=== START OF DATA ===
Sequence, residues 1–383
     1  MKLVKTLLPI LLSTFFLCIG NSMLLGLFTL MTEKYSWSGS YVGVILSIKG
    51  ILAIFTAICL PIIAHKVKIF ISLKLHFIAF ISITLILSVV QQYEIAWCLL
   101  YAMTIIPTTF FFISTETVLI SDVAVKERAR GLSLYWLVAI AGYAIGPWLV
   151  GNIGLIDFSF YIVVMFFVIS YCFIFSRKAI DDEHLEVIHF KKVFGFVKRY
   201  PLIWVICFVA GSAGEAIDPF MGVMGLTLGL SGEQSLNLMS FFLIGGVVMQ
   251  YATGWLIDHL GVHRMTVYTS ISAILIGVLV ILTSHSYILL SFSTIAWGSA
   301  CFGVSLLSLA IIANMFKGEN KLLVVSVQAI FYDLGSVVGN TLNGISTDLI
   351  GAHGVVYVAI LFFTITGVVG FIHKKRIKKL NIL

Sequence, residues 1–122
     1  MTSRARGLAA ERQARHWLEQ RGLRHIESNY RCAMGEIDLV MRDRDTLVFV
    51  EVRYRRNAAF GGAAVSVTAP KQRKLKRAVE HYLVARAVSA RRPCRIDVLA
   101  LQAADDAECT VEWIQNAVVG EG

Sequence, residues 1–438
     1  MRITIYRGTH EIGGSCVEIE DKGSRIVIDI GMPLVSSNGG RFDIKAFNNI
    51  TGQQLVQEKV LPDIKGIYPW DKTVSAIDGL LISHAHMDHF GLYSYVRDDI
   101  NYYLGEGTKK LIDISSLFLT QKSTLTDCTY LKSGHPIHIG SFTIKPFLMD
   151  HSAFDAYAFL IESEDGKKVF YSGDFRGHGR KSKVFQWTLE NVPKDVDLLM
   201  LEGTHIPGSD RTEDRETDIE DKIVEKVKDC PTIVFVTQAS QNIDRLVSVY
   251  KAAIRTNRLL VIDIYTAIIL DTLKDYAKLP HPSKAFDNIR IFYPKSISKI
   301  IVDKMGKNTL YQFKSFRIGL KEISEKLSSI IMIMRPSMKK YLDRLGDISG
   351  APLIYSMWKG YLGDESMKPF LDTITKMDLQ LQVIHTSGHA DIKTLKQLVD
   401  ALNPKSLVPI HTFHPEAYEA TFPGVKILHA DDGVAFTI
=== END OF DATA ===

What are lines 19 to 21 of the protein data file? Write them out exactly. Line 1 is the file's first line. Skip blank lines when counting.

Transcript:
   201  LEGTHIPGSD RTEDRETDIE DKIVEKVKDC PTIVFVTQAS QNIDRLVSVY
   251  KAAIRTNRLL VIDIYTAIIL DTLKDYAKLP HPSKAFDNIR IFYPKSISKI
   301  IVDKMGKNTL YQFKSFRIGL KEISEKLSSI IMIMRPSMKK YLDRLGDISG